• Complete the Main Common Application Essay/UC PIQs: July is a great time to knock out some college essay writing! Most students wind up applying to at least a handful of schools via the Common Application, and as an organization, they always make sure to release their essay prompts well in advance. The seven essay prompts for this year are available on their website (, and it’s never too early to get started. Prompt number seven advises students to share an essay on any topic of their choice, so most topics are fair game if they help a student highlight their values, personality, character, and/or goals. The main essay should be between 500 and 650 words, and if you need some brainstorming and college essay tips about what admission officers are looking for, check out our blog posts!
    For students who are planning to apply to the University of California system, their “essays'' are 250-350 word Personal Insight Questions (PIQs). UC Apply offers eight prompts, of which students choose four. While the main Common App essay can be creative, the UC PIQs are expected to be more straightforward and respond to the specific prompts directly and in their entirety. The University of California schools are very generous with the information they release about their expectations for PIQs, so please remember to explore and incorporate their guidance.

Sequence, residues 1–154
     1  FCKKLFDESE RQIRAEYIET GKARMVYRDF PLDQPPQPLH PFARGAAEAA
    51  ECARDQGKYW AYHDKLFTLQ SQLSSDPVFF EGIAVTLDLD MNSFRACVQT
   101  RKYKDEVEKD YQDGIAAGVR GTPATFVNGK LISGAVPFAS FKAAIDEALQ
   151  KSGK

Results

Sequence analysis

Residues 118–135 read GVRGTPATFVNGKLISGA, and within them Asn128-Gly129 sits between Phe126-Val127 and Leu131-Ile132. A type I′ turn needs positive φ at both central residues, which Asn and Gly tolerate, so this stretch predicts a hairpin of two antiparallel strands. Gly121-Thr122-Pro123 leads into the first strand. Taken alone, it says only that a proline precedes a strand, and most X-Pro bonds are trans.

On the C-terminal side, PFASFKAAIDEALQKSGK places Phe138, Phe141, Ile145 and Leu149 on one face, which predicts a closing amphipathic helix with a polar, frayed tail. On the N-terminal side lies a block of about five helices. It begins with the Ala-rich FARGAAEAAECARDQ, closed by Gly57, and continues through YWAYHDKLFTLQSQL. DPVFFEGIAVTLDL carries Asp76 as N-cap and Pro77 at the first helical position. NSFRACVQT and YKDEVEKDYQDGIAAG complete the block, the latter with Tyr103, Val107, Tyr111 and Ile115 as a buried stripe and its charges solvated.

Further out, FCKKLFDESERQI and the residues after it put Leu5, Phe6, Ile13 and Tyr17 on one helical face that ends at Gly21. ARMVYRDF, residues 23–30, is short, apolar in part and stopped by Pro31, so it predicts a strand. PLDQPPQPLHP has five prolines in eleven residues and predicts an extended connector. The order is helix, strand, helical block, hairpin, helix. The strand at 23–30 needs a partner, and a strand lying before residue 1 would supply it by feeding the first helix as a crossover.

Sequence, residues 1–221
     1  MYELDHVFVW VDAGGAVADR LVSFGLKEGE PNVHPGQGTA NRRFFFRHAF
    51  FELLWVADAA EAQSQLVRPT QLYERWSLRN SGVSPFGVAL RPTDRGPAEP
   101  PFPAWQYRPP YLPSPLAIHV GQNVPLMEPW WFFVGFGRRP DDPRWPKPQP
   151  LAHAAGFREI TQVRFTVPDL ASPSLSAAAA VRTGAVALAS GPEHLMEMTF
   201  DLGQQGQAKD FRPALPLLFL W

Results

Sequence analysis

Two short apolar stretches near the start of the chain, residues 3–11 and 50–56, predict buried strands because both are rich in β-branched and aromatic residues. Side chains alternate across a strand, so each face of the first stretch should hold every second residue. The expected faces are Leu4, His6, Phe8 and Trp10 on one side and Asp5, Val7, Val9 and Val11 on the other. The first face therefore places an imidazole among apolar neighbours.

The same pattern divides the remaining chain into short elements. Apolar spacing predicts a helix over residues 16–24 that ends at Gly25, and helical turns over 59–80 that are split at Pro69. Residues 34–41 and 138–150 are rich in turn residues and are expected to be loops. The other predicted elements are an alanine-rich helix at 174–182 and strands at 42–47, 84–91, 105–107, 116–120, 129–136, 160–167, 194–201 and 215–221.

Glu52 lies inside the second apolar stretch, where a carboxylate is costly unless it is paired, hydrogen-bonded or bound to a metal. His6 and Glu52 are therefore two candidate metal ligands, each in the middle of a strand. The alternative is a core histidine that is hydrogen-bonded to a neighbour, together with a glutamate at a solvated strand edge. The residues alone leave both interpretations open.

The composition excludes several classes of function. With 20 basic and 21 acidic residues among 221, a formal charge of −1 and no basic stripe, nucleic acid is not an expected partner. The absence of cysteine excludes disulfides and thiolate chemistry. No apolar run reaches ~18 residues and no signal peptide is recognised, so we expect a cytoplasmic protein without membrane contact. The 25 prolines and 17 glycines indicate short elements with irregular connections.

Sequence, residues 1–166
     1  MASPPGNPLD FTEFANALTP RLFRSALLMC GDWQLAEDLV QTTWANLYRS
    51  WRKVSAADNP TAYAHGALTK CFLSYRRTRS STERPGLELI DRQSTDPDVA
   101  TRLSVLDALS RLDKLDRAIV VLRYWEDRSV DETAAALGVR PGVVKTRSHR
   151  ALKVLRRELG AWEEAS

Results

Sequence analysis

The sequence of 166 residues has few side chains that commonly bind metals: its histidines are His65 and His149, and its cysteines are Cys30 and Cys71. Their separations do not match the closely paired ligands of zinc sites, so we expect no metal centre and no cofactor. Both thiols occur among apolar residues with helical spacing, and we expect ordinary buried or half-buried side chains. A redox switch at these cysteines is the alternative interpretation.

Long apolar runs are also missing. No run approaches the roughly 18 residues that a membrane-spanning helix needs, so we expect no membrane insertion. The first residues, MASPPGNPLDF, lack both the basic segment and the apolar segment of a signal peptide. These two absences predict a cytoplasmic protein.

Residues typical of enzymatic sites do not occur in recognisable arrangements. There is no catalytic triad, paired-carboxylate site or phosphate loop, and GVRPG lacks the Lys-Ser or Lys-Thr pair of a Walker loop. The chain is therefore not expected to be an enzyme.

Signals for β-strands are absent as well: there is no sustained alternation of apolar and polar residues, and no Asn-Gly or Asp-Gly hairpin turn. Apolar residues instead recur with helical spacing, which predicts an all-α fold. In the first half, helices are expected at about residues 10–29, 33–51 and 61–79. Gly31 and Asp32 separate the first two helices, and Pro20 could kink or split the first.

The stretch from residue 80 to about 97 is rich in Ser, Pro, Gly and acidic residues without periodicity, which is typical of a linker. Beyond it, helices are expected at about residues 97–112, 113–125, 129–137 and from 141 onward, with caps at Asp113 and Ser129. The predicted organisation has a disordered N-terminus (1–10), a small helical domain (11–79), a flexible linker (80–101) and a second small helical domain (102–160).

• Create Your Common Application Account:  If you haven’t done so already, now is a good time to create your account at Remember to use your college-appropriate email we advised you to create earlier this year (and not your school email address, or less professional addresses like The application for the class of 2024 will open on August 1st, but you can enter the basic information now and it will roll over. The Activities List should, in theory, also roll over, but we always advise waiting to paste that in until the new application is available–just in case. Once August 1st hits, you can begin adding the Common App schools to your application and compiling the supplemental essay prompts into an essay tracker to see where there is overlap. For supplemental essays, it’s best to work smarter, not harder, and it’s okay to write essays that can fit multiple prompts.​​